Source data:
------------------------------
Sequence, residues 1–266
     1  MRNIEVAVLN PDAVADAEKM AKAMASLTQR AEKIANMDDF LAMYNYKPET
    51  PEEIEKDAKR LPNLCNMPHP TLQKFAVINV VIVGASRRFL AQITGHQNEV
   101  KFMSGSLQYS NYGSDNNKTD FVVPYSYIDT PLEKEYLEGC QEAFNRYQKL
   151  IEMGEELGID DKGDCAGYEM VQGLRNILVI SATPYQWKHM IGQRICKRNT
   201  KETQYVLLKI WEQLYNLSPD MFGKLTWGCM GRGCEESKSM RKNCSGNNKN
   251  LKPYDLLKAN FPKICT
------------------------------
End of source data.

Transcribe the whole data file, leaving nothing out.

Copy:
Sequence, residues 1–266
     1  MRNIEVAVLN PDAVADAEKM AKAMASLTQR AEKIANMDDF LAMYNYKPET
    51  PEEIEKDAKR LPNLCNMPHP TLQKFAVINV VIVGASRRFL AQITGHQNEV
   101  KFMSGSLQYS NYGSDNNKTD FVVPYSYIDT PLEKEYLEGC QEAFNRYQKL
   151  IEMGEELGID DKGDCAGYEM VQGLRNILVI SATPYQWKHM IGQRICKRNT
   201  KETQYVLLKI WEQLYNLSPD MFGKLTWGCM GRGCEESKSM RKNCSGNNKN
   251  LKPYDLLKAN FPKICT